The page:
A century has elapsed since the inauguration (on 26 September, 1920) of a remarkable piece of architecture, Rudolf Steiner‟s Goetheanum, headquarters of the Anthroposophy movement, on a verdant hilltop on the outskirts of the Swiss village of Dornach, near Basel. The Goetheanum was an all timber structure, sitting on concrete footings and roofed with Norwegian slate. The building was begun in 1913, and construction progressed through the First World War. Rudolf Steiner‟s intention was to take architecture in a new and organic direction. On New Year‟s Eve, 31 December 1922, the Goetheanum hosted a Eurythmy performance followed by a lecture by Rudolf Steiner for members of the Anthroposophy Society. In the hours that followed, despite the fire-fighting efforts of the Anthroposophists and the local fire brigades, the building burned to the ground. The popular narrative is that the fire was arson but that was never proved. A local watchmaker and anthroposophist, Jakob Ott, was the only person to perish in the fire. He was falsely accused (in death) as „the arsonist‟ but the evidence is rather that he perished in his brave efforts at saving the Goetheanum. Rudolf Steiner saw the “calamity” as an opportunity “to change the sorrowful event into a blessing”. He promptly embarked on plans for a new building, Goetheanum II. This time there was to be “no wood”. The short-lived Goetheanum I had served as a placeholder for Goetheanum II. This new Goetheanum, Rudolf Steiner‟s finest work of organic architecture, is of steel reinforced concrete and today stands on the Dornach hill right on the site of the old Goetheanum.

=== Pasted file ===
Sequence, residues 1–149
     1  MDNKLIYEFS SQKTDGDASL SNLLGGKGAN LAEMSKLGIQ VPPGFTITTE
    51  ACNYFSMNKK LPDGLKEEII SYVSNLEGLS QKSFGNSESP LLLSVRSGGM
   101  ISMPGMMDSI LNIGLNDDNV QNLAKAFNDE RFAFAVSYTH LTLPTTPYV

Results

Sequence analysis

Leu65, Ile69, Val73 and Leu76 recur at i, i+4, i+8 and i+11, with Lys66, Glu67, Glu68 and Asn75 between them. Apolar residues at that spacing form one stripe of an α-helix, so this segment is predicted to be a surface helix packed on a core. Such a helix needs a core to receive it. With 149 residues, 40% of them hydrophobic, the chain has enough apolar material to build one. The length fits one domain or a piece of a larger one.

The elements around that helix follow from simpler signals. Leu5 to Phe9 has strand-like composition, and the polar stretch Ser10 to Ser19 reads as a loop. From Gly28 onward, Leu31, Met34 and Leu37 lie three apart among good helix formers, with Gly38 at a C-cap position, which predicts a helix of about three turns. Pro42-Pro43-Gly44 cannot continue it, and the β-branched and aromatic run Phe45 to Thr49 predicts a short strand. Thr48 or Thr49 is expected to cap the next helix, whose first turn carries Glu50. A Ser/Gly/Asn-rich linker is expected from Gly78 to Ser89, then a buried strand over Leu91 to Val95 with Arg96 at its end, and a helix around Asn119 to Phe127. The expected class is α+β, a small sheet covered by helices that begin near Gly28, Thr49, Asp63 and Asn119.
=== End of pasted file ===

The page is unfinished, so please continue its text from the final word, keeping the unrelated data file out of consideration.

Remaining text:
Keywords: Rudolf Steiner, Anthroposophy, Goethe, Edith Maryon, Jakob Ott, Marie Steiner, fire, arson, disability, Dornach, Switzerland.